by Ben Sales
Photo: Issamar Ginzberg speaking at the Temech Conference for Women in Business in Jerusalem, June 15, 2015. (Sharon Altshul)
JERUSALEM (JTA) — When Issamar Ginzberg enters his Jerusalem office on a sweltering summer day, he’s wearing a long black coat tied at the waist and a black hat. His long, scraggly beard and sidecurls, or payos, offer no relief from the heat.
The office — thank God — is air conditioned, and Ginzberg offers kosher candy from a bowl on his desk. Nearby sit his laptop and LG phone, complete with a “kosher” filter that restricts it from many websites. While some haredi Orthodox men do without any smartphone, Ginzberg has two. He also keeps a Blackberry handy for U.S. business trips.
On a nearby shelf sits a series of Yiddish audio CDs on how to succeed in business that Ginzberg produces and sells. The room, which has an interior that wouldn’t look out of place in a Tel Aviv office building, is on the parking level of his apartment building in a haredi neighborhood about where the building superintendent might sit.
A scion of a Hasidic rabbinic dynasty, Ginzberg lives in Jerusalem’s haredi world, attending synagogue daily and spending hours every morning learning Torah. But by afternoon, evening and night, he is a marketing consultant to more than 100 clients, among them Google and Oracle.
“My key clientele is the corporate world and entrepreneurs in the non-Jewish, non-Orthodox world,” said Ginzberg, 35, a father of four. “One of the reasons I’m trusted so much by the Orthodox community is because they know I’m legit, because I actually work in the real world.”
The Brooklyn native moved to Jerusalem seven years ago, just as the movement in Israel to integrate haredim into the army and labor force was gaining attention. Labor force participation rates for haredi men have risen in recent years and now stand at 45 percent; many haredi men still opt to study Torah full time rather than work.
Many haredim see a contradiction between secular workplace culture and their own, but Ginzberg says his black hat and beard are a feature, not a bug. He emphasizes his religious background on his promotional materials, calling himself “Rabbi Issamar” and “a character who just stepped out of ‘Fiddler on the Roof.”’
“It’s harder to be taken seriously, but the novelty that you look different gives you 10 seconds of, ‘Let me see what this guy has to offer,’” he said. “If you meet 20 WASPs and one guy who looks like me, which one will you remember six months later?”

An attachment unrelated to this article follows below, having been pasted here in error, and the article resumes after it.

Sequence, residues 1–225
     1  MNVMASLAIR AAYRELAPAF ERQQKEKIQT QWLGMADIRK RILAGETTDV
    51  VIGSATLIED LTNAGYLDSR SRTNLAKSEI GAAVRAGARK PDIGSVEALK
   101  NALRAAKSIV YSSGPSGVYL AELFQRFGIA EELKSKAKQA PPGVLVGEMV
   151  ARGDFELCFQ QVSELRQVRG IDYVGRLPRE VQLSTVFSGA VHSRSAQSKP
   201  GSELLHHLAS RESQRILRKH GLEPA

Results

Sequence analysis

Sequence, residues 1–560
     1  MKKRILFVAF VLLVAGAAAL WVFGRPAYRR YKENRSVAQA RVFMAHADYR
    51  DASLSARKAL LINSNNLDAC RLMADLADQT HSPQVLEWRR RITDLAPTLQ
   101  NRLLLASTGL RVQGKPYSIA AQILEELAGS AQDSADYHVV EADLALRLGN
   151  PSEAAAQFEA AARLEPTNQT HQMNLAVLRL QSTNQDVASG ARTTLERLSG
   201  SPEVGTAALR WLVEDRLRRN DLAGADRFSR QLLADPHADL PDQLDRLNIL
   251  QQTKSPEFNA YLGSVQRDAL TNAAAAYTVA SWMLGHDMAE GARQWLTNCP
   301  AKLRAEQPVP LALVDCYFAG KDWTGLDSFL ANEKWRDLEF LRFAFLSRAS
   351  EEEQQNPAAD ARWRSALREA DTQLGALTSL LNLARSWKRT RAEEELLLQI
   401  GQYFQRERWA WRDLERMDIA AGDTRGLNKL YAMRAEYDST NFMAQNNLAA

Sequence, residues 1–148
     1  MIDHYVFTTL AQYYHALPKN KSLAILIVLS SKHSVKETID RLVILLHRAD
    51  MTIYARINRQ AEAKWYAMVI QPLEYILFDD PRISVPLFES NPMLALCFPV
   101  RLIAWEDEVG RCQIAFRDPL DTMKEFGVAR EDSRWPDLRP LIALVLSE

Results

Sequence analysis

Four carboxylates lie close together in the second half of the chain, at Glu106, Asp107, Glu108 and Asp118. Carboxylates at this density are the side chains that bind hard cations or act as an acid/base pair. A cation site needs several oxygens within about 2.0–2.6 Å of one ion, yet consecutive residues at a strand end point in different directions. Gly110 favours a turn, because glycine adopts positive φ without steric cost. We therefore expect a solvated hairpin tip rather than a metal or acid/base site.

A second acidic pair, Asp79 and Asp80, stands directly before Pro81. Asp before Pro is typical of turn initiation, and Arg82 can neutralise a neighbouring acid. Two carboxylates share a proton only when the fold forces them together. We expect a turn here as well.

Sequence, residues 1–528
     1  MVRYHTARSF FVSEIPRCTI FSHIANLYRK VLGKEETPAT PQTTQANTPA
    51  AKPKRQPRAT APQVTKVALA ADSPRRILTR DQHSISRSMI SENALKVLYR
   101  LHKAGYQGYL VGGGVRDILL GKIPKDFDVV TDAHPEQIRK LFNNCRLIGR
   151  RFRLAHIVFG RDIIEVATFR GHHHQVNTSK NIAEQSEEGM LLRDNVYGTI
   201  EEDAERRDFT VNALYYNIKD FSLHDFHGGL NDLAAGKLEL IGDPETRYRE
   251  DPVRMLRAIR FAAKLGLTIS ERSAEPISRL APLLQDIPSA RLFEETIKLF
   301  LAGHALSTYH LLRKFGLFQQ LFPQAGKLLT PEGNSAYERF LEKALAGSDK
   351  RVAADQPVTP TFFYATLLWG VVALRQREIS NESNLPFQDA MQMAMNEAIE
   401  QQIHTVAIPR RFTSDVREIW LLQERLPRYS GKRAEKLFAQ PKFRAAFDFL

Ginzberg grew up speaking Yiddish and English in an Orthodox neighborhood of New York, and had an early appetite for business. As a teenager, he used classified ads and the early Internet to buy 386-model computers in bulk and resell them for profit. He became a mortgage broker 15 years ago and parlayed that into a consulting business. He now has 120 regular clients that pay $3,000 for 10-hour packages.
To accommodate his haredi lifestyle, Ginzberg begins his days at 7 a.m., responding to late emails from U.S. clients before attending morning prayers at 8 or 9 a.m. He then studies Torah with a partner until 1 p.m., when he moves back to consulting, generally switching between clients in one-hour shifts. Aside from spending two-and-a-half hours with his family in the evening, Ginzberg works well past midnight with West Coast businesses, getting five hours of sleep at most.
“He and I as well think it’s better to learn [Torah], but you can’t learn all day because there’s no salary,” said Moti Feldstein, director of Kemach, an organization that has helped 7,400 haredi men find work. “You have kids. You need to make a living. He says, ‘Look at me: I go around with my suit, with my hat, I learn Torah and I work.”
Clients say what makes Ginzberg valuable is his ability to quickly understand a diverse set of topics despite having no professional training in them. Ginzberg says that comes from being an autodidact with a work ethic formed by learning at yeshiva. He doesn’t have a college degree, but has taught himself, he says, by voraciously reading books and papers on business and psychology.
“I like that he can get to the point,” said Yael Sela-Shapiro, a Hebrew-English translator who consulted with Ginzberg and helped set up a seminar he gave to Google’s Israel office in 2013. “He talks for a few minutes and manages to pinpoint the exact question that can get the information he needs to give you the best advice.”
Since moving to Israel, Ginzberg has become involved in increasing the employment rates of haredi men. He interfaces between Kemach and potential employers like Google and Intel, helping bridge cultural gaps between the high-tech and haredi worlds. And he lectures at yeshivas in Israel and America, introducing students to the fundamentals of business.
“He explains what it is to work, professionalism,” Feldstein said. “You work with a staff, you have a manager, you have to come on time, how to work when there’s someone different next to you.”
Judging from Ginzburg’s Facebook page, he doesn’t just use the Internet to make a living — he also enjoys it. In addition to business advice, he posts links to articles on the Middle East, Shabbat and, in one case, being mistaken for an Amish man. Ginzberg maintains it’s all part of the effort to promote his work.
“You can’t run away from social media,” he said. “Business is three-dimensional. People are three-dimensional. When I say have a good Shabbos, I’m basically proud of the fact I’m a religious Jew. I’m reminding people, whether they’re religious or not, Shabbos is coming. I’m showing everyone that I’m lucky to be who I am and do what I do.”